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EXPLORING MUSIC: THE PERIPATETIC CELLIST/Works for Cello by Boccherini, Sammartini,

The MHS Review 400 VOL. 12, NO. 4 • 1988

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Frank Cooper


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Anner Bylsma, one of the world's finest cellists, lives in Amsterdam in a commodious house. He and his present wife occupy the upstairs while his former wife and their children live downstairs. "The ladies are good friends and I am always able to be with the children. Ours is an excellent arrange­ment," he told me when we met a few years ago. I found myself wondering how often he actually got to be with his extended family, so awesome was (and is) his concert and recording schedule.

Mr. Bylsma's tours take him everywhere: Europe, the Americas, Africa, Asia, Australia. If concerts on the moon ever develop, I have no doubt he will play there. One of the reasons for his popularity with concert managers and record companies is that, in addi­tion to a comprehensive repertoire (with a memory to match), he is equally at home with the modern cello as with its baroque forebear and the various bows required. At sight he can read an un­familiar work almost as well as most cellists would play it after considerable practice.

And Anner Bylsma is one of the best disposed musicians ever to achieve world fame. He can stand forth as a soloist in the best sense of the word and, moments later, merge into a chamber ensemble with no trace of condescen­sion. Thus it comes as no surprise that this is not the Society's first release featuring Mr. Bylsma and his adven­turous repertoire (he has made dozens and dozens worldwide).

In this issue we are taken on a tour of 17th- and 18th-century musical Italy­--with one and two cellos as our guides. Of the composers we meet, Boccherini needs the least introduction, since his concerti and chamber works loom large among our past releases. His name stood next to Haydn's in Dr. Burney's estima­tion (and, heaven knows, that good doc­tor was never at a loss for an opinion). Today. we reckon Boccherini as one of the classical era's most representative masters, the composer of music both gallantly pretty and wittily urbane.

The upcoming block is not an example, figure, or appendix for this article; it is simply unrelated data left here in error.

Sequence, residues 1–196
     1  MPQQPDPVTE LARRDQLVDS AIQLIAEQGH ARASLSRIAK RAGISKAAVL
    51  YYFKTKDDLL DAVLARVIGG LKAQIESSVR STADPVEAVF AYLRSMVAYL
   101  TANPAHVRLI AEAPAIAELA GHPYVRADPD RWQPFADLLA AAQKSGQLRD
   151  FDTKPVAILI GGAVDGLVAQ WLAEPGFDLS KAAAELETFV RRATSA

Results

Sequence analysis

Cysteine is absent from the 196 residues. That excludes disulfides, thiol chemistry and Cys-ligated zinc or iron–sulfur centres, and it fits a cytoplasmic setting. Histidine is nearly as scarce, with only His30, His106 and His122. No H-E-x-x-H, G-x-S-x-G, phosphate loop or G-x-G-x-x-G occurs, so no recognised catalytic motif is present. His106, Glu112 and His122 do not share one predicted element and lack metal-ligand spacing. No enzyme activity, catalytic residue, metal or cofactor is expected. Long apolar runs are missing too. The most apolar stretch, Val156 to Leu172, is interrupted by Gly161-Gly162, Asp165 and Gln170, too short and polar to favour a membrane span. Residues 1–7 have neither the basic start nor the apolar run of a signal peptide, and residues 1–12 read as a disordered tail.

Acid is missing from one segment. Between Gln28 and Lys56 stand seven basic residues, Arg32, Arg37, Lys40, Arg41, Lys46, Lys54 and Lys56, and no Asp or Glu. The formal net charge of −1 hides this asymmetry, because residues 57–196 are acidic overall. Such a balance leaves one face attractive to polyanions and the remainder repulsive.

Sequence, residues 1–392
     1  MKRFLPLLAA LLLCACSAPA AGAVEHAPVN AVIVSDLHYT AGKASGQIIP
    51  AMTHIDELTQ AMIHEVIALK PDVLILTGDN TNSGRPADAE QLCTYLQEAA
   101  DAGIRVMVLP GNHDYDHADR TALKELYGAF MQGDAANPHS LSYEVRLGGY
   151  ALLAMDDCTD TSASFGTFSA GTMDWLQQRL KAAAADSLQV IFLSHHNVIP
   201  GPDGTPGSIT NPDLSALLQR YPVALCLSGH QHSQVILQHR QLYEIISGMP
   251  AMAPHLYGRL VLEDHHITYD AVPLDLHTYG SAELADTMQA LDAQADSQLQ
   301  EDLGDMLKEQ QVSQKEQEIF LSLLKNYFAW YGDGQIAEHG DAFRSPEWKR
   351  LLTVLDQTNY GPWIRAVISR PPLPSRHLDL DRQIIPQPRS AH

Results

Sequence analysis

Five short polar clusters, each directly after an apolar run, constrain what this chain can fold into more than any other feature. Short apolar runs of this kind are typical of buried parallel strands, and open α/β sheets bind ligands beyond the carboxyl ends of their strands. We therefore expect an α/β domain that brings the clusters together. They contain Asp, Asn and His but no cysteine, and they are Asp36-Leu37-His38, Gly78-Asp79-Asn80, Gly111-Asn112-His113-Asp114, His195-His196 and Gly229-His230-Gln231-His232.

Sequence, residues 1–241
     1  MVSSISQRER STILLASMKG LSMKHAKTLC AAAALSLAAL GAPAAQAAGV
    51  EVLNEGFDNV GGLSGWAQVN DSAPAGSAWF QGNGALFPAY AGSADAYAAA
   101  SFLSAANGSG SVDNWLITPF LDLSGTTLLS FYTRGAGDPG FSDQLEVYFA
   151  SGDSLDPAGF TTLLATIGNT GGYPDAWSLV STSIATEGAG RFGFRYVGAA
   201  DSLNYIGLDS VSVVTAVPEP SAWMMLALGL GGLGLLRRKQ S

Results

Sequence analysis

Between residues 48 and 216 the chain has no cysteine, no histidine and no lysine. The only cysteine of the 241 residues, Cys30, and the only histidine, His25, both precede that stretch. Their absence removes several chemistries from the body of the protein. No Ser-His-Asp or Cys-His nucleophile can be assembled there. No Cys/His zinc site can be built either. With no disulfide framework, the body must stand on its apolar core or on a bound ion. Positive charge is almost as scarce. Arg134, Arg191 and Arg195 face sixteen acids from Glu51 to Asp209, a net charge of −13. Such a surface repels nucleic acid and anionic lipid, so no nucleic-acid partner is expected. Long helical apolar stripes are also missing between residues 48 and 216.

His Concerto in G major does the ex­pected things in its three melodious movements. The Sonata, on the other hand, doesn't. A work for cello with the accompaniment of a string bass, it has a bizarre succession of movements: the first, an Allegro; the second, a Largo which gives way to an Allegro before slowing down to Adagio; the last, a Larghetto-Allegro-Larghetto-Presto­ Larghetto-Presto-Primo tempo-Allegro-Larghetto.

The unexpected proves to be a plea­sant surprise, as does the Sammartini Sonata for two cellos. Sammartini enjoys fame today as one of the founders of the symphony as a form. His ingratiating, lively works paved the way for Haydn and Mozart; but a work for two unac­companied cellos? Only a master could make the combination work so ef­fortlessly, so sweetly.

Degli Antoni is remembered now on­ly by historians (and at least one performer!) as an important figure in the history of music for the solo cello. His ricercatas are forerunners of J.S. Bach's unaccompanied suites. Gabrielli, not of brass-and-choir fame but a virtuoso cellist and opera composer in the 1680s, left us a real novelty in his Canon for two cellos. It features the partners play­ing the same music exactly one beat apart, echolike.

By the way, Bylsma is pronounced "bills-ma." His estimable colleague at the second cello, Mr. Koster, has a first name, Dijck, that is pronounced "dake." Their collaborator on the string bass, An­thony Woodrow, poses no problems for Anglo tongues. Paired as they are in various ways, these fellows turn in per­formances as excellent and elegant as anyone could want.

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